The History of Printing in America; With a Biography of Printers, and an Account of Newspapers Volume 1

The History of Printing in America; With a Biography of Printers, and an Account of Newspapers Volume 1

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This historic book may have numerous typos and missing text. Purchasers can download a free scanned copy of the original book (without typos) from the publisher. Not indexed. Not illustrated. 1874 edition. Excerpt: ...before them; in that case his answers might have been construed into a contempt of their body, and been made the ground of commitment. It was also suggested that they had not authority to compel his appearance before them to answer for any supposed crime or misdemeanor punishable by law, as particular tribunals had the exclusive cognizance of such offences. The supposed want of authority was, indeed, the reason why a compulsory process had not been adopted in the first instance. There were not now, as formerly, licensers of the press. 1 This conversation with the messenger is taken from a memorandum made at the time. The council, being defeated in the design to get the printer before them, ordered the attorney general to prosecute him at common law. A prosecution was accordingly soon attempted, and great effort made to effect his conviction. The chief justice, at the following term of the supreme court in Boston, in his charge to the grand jury, dwelt largely 0u the doctrine of libels; on the present licentiousness of the press; and on the necessity of restraining it. The attorney general presented a bill of indictment to the grand inquest against Isaiah Thomas for publishing an obnoxious libel. The Court House was crowded from day to day to learn the issue. The grand jury returned this bill, Ignoramus. Foiled by the grand jury in this mode of prosecution, the attorney general was directed to adopt a different process; and to file an information against Thomas. This direction of the court was soon known to the writers in the opposition, who attacked it with so much warmth. and animation, and offered such cogent arguments to prove that it infringed the rights and liberties of the subject, that the court thought proper to drop the measure. more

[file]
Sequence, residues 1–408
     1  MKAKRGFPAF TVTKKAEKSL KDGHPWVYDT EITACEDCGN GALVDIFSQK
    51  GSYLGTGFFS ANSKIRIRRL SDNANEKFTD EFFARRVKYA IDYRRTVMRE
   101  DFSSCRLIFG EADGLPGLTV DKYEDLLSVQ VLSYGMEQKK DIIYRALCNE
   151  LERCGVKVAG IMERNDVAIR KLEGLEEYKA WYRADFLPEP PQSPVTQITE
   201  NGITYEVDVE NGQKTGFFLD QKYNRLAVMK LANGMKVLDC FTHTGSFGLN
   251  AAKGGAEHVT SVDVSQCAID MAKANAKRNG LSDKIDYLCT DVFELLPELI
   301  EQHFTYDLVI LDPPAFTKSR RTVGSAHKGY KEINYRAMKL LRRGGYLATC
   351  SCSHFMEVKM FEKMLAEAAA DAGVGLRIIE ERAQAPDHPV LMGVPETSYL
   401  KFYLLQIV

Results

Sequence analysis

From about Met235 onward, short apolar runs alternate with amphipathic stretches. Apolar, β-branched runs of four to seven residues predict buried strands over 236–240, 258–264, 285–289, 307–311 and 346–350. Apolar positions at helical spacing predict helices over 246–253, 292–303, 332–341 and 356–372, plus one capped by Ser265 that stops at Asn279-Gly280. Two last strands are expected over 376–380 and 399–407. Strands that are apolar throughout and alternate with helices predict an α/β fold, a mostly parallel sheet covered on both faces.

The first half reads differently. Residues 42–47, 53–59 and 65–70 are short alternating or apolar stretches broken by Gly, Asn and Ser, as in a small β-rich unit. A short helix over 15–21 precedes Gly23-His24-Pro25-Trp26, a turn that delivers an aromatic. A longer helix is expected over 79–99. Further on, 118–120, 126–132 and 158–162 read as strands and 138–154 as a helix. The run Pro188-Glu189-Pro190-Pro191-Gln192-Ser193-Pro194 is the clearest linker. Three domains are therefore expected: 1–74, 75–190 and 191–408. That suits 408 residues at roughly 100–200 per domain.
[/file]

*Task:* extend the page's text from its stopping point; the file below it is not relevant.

Product details

  • Paperback | 152 pages
  • 189 x 246 x 8mm | 286g
  • Miami Fl, United States
  • English
  • black & white illustrations
  • 123666289X
  • 9781236662897